If a baby is injured during his or her delivery, the effects can last the rest of his or her life. This is why physicians and hospital staff need to be exceptionally careful when helping a woman give birth. When something does go wrong and a baby is born with severe injuries, New Mexico's laws may allow the parents to seek compensation from those at fault.
In this particular type of medical malpractice lawsuit, parents can hold several parties responsible for their child's injuries, including the doctor, the hospital, other hospital staff workers, other health-care providers, pharmaceutical companies and medical equipment manufacturers. They must, however, establish their claims of negligence in court if they are to win compensation.
Hospitals can be held liable in two cases: direct negligence by the hospital, and vicarious liability for negligence on the part of its staff. Direct hospital negligence means a medical care provider was negligent in meeting its responsibility for ensuring that doctors, nurses, assistants and so on were adequately trained and that enough staff was available to meet the patient's needs. In addition, federal statutes require hospitals to provide proper medical care regardless of a patient's race, color, religion or nationality. Failure to do so can be considered negligence by a court.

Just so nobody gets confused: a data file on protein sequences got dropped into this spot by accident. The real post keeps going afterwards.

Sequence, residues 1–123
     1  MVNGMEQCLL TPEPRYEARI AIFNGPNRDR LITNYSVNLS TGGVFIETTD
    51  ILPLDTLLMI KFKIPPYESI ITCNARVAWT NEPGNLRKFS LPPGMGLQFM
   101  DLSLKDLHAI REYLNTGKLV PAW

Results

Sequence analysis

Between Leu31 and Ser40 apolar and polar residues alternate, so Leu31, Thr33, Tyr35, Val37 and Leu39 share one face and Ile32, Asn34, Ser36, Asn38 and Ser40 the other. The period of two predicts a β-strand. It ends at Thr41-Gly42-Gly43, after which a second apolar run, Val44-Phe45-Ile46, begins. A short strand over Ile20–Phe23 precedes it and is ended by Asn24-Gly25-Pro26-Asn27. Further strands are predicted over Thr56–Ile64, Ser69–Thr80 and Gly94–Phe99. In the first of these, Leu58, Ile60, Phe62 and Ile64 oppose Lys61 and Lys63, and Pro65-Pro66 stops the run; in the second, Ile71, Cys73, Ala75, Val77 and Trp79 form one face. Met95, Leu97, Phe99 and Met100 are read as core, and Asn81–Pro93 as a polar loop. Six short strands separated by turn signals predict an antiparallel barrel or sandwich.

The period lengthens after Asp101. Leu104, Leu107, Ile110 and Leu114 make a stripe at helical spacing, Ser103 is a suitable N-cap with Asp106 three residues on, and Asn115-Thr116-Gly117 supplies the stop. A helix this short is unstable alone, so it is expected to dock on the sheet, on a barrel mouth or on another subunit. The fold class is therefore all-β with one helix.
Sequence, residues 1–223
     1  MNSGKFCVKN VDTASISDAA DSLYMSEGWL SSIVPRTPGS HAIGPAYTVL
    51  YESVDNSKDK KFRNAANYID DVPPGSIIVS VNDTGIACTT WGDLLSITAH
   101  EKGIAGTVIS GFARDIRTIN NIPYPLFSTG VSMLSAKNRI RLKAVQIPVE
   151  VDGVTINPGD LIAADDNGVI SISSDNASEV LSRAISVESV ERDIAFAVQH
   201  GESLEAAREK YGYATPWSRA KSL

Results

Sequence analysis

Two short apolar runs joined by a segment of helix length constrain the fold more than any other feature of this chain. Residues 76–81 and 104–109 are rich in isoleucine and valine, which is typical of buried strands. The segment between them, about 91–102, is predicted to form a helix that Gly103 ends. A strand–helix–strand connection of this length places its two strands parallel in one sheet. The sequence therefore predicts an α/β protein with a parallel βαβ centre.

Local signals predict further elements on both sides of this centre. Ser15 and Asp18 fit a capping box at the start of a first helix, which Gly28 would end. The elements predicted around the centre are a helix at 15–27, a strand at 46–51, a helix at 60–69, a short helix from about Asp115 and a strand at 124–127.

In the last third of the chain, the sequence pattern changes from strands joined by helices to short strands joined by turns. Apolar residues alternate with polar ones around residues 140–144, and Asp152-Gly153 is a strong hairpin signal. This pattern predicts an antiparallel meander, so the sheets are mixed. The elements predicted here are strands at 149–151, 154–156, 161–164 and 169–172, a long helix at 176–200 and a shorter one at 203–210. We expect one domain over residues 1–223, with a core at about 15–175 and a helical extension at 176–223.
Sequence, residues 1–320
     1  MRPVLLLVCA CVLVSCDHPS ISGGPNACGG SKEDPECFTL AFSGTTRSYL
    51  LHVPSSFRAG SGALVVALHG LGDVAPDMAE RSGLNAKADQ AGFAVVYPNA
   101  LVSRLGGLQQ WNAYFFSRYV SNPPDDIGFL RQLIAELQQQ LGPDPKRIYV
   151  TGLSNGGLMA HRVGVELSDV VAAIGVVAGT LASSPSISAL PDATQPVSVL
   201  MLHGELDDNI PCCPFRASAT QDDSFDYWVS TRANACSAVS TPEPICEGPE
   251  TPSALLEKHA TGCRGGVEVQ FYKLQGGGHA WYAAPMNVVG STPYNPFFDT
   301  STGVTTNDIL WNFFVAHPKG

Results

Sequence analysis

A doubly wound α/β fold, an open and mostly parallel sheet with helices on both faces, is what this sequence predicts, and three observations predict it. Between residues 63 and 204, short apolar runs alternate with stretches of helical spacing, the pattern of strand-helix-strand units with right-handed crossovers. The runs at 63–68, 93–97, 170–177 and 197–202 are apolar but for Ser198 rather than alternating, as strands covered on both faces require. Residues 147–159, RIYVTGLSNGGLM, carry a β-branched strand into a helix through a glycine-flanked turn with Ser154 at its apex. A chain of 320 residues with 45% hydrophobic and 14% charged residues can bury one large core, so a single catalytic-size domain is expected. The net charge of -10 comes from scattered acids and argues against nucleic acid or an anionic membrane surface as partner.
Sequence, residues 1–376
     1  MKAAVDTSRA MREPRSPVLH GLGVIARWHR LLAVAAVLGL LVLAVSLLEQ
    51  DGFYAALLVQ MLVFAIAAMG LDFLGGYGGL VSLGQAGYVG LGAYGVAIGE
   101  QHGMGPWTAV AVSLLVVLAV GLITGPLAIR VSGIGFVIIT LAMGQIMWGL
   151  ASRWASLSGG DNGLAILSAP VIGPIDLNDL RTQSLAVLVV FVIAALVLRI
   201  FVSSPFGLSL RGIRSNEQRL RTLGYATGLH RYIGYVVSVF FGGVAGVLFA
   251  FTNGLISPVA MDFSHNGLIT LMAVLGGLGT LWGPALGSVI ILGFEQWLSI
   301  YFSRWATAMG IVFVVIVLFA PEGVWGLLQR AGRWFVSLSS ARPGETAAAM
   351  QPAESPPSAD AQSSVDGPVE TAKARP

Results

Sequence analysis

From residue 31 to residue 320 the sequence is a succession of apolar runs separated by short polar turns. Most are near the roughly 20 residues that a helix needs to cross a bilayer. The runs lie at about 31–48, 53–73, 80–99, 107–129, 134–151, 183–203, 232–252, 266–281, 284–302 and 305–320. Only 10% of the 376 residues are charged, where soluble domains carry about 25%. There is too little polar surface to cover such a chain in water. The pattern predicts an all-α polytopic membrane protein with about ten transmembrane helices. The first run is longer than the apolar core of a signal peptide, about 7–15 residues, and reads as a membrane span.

If the plaintiff can show that an infant was injured due to hospital staff negligence, then the hospital can be held vicariously liable under respondeat superior doctrine, which ensures that there is a financially responsible party that can compensate the plaintiff. Because doctors are often independent contractors, the respondeat superior doctrine may or may not apply.
In the event a birth injury was caused by a drug or defective medical equipment, parents can hold the pharmaceutical company or equipment manufacturer responsible for the injury, although the plaintiffs must show that this party failed to warn the presiding doctor about potential dangers.
Source: FindLaw, "Responsible Parties in Birth Injury Cases: Who Can Be Sued?" accessed on Jan. 28, 2015